The world is watching a tragedy unfold through heart-wrenching videos and recordings posted by civilians under heavy bombardment from the Bashar Assad regime and its allies
It was Feb. 10 when I wrote the first part of this article. It's been almost a year, but Aleppo didn't receive the attention it urgently deserved. It was one of many pieces I wrote about Syria, the biggest tragedy of the modern age; it was one of millions of articles penned about it. While the number of civilians killed by airstrikes in Syria was growing, we were sitting and watching it on our mobile phones. Warplanes were bombing schools and hospitals, people were starving, hundreds of new refugees were fleeing Aleppo, photos of corpses in bombed-out houses, pictures of children who lost their parents or their limbs, destroyed cities and dying animals… And we did nothing.
It was a non-stop nightmare then, and it is worse today. Last month, the Syrian regime, backed by Iran and Russia, launched an all-out offensive against Aleppo, the second biggest city in Syria where millions once lived. The world is watching a tragedy unfold through heart-wrenching videos and recordings posted by civilians under heavy bombardment from the Bashar Assad regime and its allies. It is spine chilling to see people discuss if it is genocide or just a massacre while eating chips and drinking cokes. Syria's nearly six-year-old civil war affects the whole world, starting with neighboring countries like Turkey, and Europe has shown symptoms of being affected next, and no one who cares is prepared to bear responsibility. Instead, they do nothing but watch and tolerate what the U.N. has described as a mass killing of civilians, including children and women and opposition forces.If you pit the people of a country against its army, it's inevitable you will see hundreds of thousands murdered. If the army gets enormous support from other states like Iran and Russia, and you just watch, you can expect nothing but a blood bath. But when you do nothing to stop such evil, it doesn't stay where it started, it spreads and burns others in time. We have seen it in Europe before. The world did nothing to stop General Franco during the Spanish Civil War, Italian fascists led by Benito Mussolini when they invaded Ethiopia, the Kwantung Army of Japan when they attacked Manchuria or Adolf Hitler of Nazi Germany; and the result was World War II. Then U.S. President Franklin D. Roosevelt admitted that the policy toward Spain was a grave mistake, but it was easy to be wise after the event.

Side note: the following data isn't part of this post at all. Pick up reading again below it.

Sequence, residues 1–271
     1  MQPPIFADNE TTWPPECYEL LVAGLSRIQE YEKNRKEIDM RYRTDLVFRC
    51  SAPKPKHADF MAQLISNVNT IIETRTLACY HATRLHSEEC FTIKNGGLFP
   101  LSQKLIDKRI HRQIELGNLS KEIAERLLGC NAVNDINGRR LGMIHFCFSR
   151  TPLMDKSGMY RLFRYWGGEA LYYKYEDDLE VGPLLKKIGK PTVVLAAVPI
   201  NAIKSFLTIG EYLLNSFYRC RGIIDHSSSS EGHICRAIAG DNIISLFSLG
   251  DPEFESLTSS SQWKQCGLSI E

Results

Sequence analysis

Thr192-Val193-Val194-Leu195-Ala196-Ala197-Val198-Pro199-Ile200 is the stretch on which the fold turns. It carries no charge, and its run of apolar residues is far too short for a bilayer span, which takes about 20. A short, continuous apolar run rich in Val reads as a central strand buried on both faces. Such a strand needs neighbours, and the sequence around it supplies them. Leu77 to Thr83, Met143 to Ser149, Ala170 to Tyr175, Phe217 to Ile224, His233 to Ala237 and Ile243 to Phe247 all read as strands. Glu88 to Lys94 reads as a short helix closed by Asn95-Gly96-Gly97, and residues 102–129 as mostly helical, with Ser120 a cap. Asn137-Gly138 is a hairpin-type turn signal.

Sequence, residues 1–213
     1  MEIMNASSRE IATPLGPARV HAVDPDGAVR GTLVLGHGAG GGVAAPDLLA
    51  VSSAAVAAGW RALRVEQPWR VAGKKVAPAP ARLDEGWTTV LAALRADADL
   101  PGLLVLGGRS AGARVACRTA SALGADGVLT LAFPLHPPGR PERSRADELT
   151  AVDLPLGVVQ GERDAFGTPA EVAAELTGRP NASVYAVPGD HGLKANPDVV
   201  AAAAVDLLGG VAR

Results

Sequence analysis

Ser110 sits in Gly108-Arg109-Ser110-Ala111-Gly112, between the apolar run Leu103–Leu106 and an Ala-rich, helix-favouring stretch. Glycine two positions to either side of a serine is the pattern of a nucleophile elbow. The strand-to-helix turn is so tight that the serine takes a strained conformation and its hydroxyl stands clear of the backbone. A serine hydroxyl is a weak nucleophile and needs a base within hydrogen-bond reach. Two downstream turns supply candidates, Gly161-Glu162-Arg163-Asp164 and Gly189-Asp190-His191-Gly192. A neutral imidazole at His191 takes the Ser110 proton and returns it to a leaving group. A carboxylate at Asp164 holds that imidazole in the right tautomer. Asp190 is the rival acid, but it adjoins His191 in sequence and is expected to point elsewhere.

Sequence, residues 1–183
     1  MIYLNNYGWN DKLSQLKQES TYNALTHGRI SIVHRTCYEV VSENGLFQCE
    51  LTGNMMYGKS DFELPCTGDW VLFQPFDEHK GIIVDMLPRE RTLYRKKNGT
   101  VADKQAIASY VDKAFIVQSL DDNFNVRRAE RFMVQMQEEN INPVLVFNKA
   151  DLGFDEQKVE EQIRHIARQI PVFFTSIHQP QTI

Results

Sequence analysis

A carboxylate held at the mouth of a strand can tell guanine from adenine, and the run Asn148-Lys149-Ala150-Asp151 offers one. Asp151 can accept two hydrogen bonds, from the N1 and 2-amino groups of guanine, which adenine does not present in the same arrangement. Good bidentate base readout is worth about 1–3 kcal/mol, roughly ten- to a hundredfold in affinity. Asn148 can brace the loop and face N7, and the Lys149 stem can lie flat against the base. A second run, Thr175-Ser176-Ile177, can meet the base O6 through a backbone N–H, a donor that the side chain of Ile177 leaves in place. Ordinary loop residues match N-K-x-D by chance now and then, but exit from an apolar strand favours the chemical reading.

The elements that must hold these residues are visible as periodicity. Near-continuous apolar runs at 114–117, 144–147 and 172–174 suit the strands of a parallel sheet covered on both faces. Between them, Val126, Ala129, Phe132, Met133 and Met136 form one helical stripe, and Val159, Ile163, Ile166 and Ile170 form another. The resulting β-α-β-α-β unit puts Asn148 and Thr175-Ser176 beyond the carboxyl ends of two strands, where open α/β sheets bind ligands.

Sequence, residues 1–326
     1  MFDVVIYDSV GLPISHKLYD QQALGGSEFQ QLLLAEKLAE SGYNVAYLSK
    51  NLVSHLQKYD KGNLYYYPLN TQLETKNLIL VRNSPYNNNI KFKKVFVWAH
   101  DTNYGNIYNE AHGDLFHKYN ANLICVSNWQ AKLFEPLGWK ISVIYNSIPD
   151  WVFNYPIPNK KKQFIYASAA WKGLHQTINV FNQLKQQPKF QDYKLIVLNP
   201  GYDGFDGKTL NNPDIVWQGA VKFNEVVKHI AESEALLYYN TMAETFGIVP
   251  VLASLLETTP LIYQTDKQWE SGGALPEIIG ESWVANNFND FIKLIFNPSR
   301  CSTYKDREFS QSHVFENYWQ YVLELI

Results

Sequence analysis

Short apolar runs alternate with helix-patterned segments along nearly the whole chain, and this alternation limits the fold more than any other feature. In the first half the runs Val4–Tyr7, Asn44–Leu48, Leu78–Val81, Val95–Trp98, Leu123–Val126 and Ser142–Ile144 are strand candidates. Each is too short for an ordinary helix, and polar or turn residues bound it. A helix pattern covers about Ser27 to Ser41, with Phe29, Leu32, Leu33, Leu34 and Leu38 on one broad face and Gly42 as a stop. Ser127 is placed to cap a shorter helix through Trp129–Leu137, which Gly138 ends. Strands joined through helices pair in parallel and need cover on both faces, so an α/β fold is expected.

It's easy to lament the dead after the fact, to remember millions who lost their lives and say "never again" after all the horses have bolted. It's comfortable to sing songs about tragedies, pen novels, and give medals of Honor; but we need leaders that have the guts to stop them when or before it happens. The lyrics of a song by the Manic Street Preachers, a Welsh alternative rock band, recently comes to my mind, "If you tolerate this, then your children will be next," when I look at photos from Aleppo. The song was inspired by the Spanish Civil War and takes its name from a Republican poster of the time, displaying a drawing of a child killed by the Franco regime under a sky of bombers with a warning written at the bottom: "If you tolerate this, your children will be next."
The Spanish Civil War was the biggest proxy war of its time, while many young men outside of Spain joined International Brigades and fought side by side with the Republican forces against Franco's Nationalists. In the Syrian case, the outcome is similar: The opposition fighters have supporting manpower, but they have become "jihadists" or "radicals." The line of the song, "If I can shoot rabbits/then I can shoot fascists" was originally quoted in Hywel Francis' book "Miners against Fascism" and attributed to a remark by a man who signed up with the Republicans made to his brother. It is a pure example of a young person who becomes self-radicalized when he watches people being butchered, while the world does nothing. Another example is English novelist George Orwell who stopped writing in 1936 and set out for Spain to join the fight against Fascism. Wounded in the throat by a sniper's bullet while fighting at the front, he later penned his experiences and observations of the Spanish Civil War in his book "Homage to Catalonia." He got into many difficulties when he tried to publish it, but today he is one of the most admired and inspiring writers in the world. Another example is the bombing of the small Basque town of Guernica in 1937 by Nazi Germany's warplanes that backed the Franco regime, inspiring one of the most famous paintings in the world, "Guernica," by the immortal Spanish painter Pablo Picasso.
The atrocities that marked the Spanish Civil War triggered young people to do something while the whole world watched, paving the way for them to be radicalized and inspiring art afterward. The Syrian Civil War in the Middle East, a much longer version of the Spanish Civil War, will inspire artists of the future when the time comes just like it unfortunately radicalizes the youth of our times. They will paint the bombing of Aleppo. They will sing songs about freedom fighters. They will write novels about the people's suffering and heroic resistance. But it will be too late. Hundreds of children killed by heavy bombardment will not be here. And because we tolerated this, I fear other children will be next.